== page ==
Opening Reception: Friday, June 19, 2015
EXHIBITION RUNS june 19 – july 11, 2015
The exhibition “The Yellow Curtain” features four artists whose investigation of form effectively blur the lines of dimensionality. While each artists’ working methodology and approach to their specific mediums vary, they intersect through their consideration of various formal elements such as color, line, contour, and shape. When applied to each given artist’s work, these formal considerations allow for areas of flatness and greater dimensionality to come forth. This, in turn, evokes a spatial realm lying somewhere between the genres of painting and sculpture.
Henri Matisse’s 1915 painting “The Yellow Curtain” treads delicately between the world of painting and sculpture. A direct precursor to his later paper cut-out works, this iconic painting marked a clear departure from his typical use of narrative devices steeped within the world of appearances to one of almost complete abstraction.
Compositionally, the painting is comprised of intersecting flat planes of color that contrast with one another creating a strong overall figure-ground relationship. The lines and contour merge these flat planes together while remaining sharp and direct- akin to the hard edges and contours often characteristic with sculptural modes of art-making.
Similarly, each of the artists exhibiting in “The Yellow Curtain” have found their own unique expressions that wander in between the modalities of painting and sculpture. Jessica Groome’s collage paintings lend the most direct reference to Matisse’s painting. Her compositions are comprised of delicately colored curvilinear shapes that meld together with an effortless ease. The directness of her shapes and flowing lines instantly set them apart from the ground of the paper recalling a more sculptural presence. Kuh Del Rosario’s sculptures consist of an arrangement of disparate materials that are individually formed and fused together. At certain vantage points the fusion of these found materials offers up a striking visual contrast while at other points, her treatment of the surface with paint both softens and flattens the overall visual field. Much like Del Rosario, Ahybah Baker’s recent works are both sculpture and painting. She first creates paintings on canvas which are then folded and manipulated into irregular shapes. The undulating folds of the canvas help to create areas of high relief but then flatten out again as they intersect with the paint. Finally, Deirdre McAdams’ paintings incorporate geometric planes and forms that, at times, feel as though they are hovering above the surface of the painting. The visual field created by McAdams goes beyond the flat surface of the canvas and extends into the space of the viewer much like that of a sculpture.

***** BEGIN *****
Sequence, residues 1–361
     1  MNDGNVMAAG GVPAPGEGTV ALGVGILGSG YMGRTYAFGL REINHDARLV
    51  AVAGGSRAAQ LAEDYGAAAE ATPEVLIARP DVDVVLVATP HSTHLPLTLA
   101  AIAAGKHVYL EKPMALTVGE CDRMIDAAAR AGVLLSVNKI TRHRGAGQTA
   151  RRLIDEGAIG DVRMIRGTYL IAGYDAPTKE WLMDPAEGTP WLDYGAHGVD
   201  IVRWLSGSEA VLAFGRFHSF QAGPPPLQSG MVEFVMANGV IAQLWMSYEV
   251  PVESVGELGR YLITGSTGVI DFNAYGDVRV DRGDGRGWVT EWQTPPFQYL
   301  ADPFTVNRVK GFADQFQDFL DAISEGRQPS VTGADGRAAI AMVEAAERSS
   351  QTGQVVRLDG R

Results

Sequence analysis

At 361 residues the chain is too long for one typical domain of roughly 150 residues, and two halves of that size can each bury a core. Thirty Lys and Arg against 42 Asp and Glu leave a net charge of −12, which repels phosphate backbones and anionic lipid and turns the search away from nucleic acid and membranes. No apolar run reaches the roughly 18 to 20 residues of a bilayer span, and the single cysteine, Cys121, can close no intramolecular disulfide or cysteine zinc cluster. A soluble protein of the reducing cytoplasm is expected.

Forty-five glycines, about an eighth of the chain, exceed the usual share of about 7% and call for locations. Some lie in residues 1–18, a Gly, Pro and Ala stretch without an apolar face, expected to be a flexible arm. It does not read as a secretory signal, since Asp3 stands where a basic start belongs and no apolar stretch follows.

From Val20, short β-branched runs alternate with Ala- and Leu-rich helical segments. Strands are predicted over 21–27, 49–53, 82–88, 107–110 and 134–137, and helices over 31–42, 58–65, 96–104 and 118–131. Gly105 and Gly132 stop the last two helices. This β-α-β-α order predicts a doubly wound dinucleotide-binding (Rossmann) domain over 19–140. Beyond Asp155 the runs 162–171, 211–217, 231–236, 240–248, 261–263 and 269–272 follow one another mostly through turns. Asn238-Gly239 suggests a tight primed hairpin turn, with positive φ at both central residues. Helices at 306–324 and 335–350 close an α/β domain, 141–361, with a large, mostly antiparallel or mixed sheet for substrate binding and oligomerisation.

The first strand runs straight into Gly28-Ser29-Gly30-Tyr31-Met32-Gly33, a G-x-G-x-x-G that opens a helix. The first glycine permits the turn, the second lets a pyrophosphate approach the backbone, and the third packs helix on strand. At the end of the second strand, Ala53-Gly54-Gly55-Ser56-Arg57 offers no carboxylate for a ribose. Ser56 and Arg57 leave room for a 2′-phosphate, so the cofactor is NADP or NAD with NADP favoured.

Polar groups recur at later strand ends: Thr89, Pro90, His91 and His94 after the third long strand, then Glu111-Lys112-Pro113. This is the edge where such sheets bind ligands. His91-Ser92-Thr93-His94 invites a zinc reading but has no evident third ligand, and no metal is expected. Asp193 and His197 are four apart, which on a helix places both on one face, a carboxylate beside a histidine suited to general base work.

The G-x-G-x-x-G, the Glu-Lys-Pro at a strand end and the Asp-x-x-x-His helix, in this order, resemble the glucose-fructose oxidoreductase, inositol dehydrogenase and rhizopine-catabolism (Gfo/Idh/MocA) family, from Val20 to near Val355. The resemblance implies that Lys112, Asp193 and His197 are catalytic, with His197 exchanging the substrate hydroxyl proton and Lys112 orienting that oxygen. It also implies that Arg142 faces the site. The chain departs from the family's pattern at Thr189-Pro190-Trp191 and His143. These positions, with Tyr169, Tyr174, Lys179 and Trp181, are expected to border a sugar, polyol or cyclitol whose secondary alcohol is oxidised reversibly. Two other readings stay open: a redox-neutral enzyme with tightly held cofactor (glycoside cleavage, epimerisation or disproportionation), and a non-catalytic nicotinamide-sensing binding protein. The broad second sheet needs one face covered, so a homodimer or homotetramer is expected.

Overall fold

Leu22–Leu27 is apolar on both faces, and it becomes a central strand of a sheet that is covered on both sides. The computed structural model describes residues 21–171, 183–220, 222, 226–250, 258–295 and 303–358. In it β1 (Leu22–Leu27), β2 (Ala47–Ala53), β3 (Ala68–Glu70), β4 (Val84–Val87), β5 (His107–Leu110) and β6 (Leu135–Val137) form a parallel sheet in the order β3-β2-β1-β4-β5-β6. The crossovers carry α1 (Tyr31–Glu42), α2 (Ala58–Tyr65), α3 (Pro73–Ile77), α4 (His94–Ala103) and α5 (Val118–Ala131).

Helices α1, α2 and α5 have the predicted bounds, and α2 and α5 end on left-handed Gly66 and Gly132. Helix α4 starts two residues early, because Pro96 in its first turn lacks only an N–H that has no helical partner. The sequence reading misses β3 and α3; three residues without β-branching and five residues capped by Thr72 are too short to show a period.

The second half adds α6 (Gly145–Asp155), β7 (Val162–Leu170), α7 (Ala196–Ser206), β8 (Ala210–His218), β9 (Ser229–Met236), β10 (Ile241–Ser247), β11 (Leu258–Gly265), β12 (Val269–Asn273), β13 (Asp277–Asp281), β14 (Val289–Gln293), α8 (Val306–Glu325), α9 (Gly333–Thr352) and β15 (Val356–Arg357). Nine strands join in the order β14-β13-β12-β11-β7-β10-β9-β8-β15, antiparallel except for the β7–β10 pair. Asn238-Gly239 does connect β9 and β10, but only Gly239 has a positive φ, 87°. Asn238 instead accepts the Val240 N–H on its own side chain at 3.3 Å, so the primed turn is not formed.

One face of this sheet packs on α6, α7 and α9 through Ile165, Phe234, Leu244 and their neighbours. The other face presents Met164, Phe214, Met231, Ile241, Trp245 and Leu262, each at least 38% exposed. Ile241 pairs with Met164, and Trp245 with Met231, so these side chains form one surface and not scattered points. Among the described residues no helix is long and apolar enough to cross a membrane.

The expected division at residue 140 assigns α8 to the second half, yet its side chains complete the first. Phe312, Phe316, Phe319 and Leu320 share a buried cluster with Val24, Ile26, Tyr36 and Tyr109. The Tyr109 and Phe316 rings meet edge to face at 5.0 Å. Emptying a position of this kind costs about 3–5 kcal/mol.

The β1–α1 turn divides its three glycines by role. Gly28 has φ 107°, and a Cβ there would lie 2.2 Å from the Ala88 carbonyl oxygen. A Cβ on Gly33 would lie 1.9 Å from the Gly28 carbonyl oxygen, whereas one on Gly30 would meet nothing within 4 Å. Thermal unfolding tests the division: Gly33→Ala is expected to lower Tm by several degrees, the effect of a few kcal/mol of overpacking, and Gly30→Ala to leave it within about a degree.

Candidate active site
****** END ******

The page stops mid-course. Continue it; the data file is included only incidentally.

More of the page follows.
All Photos c/o Ryan Romero